the ecstasy of st.theresa by bernini
The two central sculptural figures of the swooning nun and the angel with the spear derive from an episode described by Teresa of Avila, a mystical cloistered Discalced Carmelite reformer and nun, in her autobiography, The Life of Teresa of Jesus (1515–1582). Her experience of religious ecstasy in her encounter with the angel is described as follows:
Cornaro had chosen the hitherto unremarkable church of the Discalced Carmelites for his burial chapel. [a] The selected site for the chapel was the left transept that had previously held an image of ‘St. Paul in Ecstasy’, which was replaced by Bernini’s dramatization of a religious experience undergone and related by the first Discalced Carmelite saint, who had been canonised not long before, in 1622.  It was completed in 1652 for the then princely sum of 12,000 scudi. [b]
– St John the Baptist (1615) Sant’Andrea della Valle, Rome
– Pluto and Proserpina (1621-2) Galleria Borghese, Rome
– Aeneas and Anchises (1618-19) Galleria Borghese
– Apollo and Daphne (1622-5) Galleria Borghese
– David (1623-4) Galleria Borghese
– S. Bibiana at her Martyrdom (1623-4) Church of S. Bibiana, Rome
– The Baldacchino (1624-33) St Peter’s, Rome
– St Longinus (1631-38) St Peter’s
– Monument to Urban VIII (1627-47) St Peter’s
– Habakkuk and the Angel (1655-61) Santa Maria del Popolo, Rome
Note: In creating his Ecstasy of Saint Teresa it is almost certain that Bernini made use of styles initiated by certain Mannerist artists. For example, we can see the basis for Bernini’s masterpiece in the simple piety, floating drapery and heavenward gaze of the Beata Michelina (1606, Pinacoteca Vaticana, Rome), a painting by the influential Mannerist religious painter Federico Barocci (1526-1612).
A complete understanding of the aesthetic impact and spiritual significance of the Ecstasy can only be gained in the context of the larger space of the chapel. The work is, in fact, not an independent piece, but the crucial center of a more complex composition that brings together not only sculpture, but also painting and architecture—all designed by Bernini. The dark, patterned marble columns and convex niche in which the Ecstasyis framed, for example, enhance the brightness and dynamism of the scene, while giving the sense that the wall has opened up to reveal St. Teresa’s vision. We are, in a way, looking at a vision of a vision, one that Bernini has created for the faithful who worship at the altar and for the Cornaro family in particular. On each wall perpendicular to the altar wall, an illusionistic window contains sculptural likenesses of family members, some of whom lean over the parapet in the direction of Bernini’s work, rapt witnesses to the miracle.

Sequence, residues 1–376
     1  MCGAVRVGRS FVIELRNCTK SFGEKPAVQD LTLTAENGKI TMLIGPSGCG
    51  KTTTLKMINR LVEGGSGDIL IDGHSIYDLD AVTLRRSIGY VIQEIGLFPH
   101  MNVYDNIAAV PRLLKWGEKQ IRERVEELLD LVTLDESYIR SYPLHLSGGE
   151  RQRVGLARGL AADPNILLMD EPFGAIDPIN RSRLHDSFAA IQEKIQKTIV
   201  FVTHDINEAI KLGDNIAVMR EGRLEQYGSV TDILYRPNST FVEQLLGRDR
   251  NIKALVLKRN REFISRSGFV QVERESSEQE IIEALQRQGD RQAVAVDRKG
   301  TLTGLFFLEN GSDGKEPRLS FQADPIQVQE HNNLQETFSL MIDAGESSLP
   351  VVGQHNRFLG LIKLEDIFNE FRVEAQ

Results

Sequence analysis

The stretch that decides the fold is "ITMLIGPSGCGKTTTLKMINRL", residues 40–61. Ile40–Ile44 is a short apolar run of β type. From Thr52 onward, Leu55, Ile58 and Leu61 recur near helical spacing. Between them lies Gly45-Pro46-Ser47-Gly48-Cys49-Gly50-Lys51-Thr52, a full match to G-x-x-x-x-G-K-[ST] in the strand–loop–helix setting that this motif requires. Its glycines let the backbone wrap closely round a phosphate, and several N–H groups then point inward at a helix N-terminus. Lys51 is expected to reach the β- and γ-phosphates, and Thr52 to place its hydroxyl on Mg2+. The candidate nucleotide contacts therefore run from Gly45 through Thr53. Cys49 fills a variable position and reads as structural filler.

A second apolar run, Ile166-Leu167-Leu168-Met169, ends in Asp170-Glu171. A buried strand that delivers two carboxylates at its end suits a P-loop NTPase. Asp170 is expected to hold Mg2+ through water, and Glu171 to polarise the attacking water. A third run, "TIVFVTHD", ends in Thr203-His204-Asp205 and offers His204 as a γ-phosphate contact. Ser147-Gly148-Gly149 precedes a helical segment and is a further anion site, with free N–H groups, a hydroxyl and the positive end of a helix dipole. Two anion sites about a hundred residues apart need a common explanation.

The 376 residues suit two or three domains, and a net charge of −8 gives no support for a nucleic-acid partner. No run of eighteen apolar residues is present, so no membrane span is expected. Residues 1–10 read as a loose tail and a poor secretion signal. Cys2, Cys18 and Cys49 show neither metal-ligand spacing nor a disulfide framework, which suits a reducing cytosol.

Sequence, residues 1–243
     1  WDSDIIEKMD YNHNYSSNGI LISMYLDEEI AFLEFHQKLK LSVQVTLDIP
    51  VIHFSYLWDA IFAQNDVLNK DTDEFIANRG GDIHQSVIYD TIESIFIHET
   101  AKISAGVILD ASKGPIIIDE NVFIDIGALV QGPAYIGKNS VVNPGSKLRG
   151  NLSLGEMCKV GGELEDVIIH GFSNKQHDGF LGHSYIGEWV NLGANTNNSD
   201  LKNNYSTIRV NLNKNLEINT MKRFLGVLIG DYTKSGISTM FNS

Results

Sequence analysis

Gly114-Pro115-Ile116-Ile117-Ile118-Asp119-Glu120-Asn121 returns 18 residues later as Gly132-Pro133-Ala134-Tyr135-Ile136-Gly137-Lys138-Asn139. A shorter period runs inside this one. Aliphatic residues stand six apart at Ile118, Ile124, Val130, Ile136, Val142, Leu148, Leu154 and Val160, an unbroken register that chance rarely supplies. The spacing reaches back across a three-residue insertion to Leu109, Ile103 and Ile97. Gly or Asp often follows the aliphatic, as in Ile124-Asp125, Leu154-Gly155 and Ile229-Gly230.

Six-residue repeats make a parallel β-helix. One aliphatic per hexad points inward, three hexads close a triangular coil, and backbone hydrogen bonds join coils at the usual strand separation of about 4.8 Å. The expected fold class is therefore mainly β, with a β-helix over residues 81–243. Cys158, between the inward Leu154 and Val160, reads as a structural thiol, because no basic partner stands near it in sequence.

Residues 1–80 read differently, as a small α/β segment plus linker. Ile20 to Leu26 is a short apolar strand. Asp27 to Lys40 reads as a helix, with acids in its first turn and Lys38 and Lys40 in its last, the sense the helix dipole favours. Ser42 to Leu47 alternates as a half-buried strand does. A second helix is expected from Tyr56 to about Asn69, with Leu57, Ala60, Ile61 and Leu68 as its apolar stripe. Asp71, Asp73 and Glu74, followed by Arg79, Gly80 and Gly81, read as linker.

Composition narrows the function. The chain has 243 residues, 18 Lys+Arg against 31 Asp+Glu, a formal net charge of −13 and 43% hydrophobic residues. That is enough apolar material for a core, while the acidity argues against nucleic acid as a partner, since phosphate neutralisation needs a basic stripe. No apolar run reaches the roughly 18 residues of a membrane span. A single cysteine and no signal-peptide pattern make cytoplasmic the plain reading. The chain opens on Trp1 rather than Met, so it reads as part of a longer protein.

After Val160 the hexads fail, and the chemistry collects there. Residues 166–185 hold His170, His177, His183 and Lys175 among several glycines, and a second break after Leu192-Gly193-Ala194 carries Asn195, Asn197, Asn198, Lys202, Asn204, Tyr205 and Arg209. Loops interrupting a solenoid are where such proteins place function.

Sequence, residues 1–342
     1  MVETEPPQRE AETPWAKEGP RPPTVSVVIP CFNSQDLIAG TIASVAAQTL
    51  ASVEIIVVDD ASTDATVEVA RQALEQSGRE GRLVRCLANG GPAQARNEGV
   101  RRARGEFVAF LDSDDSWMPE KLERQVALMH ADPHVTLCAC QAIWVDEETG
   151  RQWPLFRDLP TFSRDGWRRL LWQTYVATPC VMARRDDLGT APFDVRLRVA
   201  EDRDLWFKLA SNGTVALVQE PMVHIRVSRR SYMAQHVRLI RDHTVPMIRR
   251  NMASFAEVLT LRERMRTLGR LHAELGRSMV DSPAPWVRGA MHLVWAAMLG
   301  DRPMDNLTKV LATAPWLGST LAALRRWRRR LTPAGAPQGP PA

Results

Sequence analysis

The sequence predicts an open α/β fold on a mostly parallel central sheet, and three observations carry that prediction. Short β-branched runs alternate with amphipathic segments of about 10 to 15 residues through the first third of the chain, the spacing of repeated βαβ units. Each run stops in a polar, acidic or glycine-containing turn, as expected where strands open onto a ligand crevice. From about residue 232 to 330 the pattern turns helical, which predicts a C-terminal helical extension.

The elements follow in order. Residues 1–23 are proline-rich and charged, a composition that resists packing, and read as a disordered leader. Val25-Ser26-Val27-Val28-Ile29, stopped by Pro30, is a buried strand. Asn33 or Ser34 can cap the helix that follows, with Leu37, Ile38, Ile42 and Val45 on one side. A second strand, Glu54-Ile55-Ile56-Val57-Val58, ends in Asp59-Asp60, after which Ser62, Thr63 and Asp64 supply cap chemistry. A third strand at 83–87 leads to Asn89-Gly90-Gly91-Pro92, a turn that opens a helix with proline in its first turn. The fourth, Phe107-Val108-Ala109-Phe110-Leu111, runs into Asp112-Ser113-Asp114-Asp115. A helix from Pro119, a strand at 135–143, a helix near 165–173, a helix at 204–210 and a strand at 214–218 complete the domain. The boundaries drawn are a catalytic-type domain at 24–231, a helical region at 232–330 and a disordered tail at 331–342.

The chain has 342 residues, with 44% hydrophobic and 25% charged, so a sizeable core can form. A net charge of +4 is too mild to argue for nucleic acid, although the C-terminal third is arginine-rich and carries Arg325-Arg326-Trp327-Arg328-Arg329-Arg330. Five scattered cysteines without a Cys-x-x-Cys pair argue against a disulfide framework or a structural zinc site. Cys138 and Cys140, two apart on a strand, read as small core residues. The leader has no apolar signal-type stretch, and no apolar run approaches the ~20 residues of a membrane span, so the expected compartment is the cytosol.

Hibbard, Howard. Bernini. London: Penguin, 1991.
When we walk toward the chapel (figure 2) we see that on either side of us, on the side walls, there are what look like theater boxes. In these boxes, seated figures in appear to be talking and gesturing to each other. Perhaps they are kneeling in prayer as they watch and discuss the scene of the Ecstasy of Saint Teresa.
When we look at the Ecstasy of Saint Teresa by Bernini we have to consider the entire space of the chapel. The chapel is called the Cornaro Chapel, after the Cornaro family who controlled it and commissioned Bernini to sculpt Saint Teresa.
Upon entering the convent aged 19, Theresa became seriously ill (she has now become a patron saint for the infirm), possibly depressed and subjecting her body to self-mutilation.
The Ecstasy of St. Theresa is not just a sculpture, but a total environment: Bernini designed the entire chapel, creating a veritable stage set complete with sculpted audience members.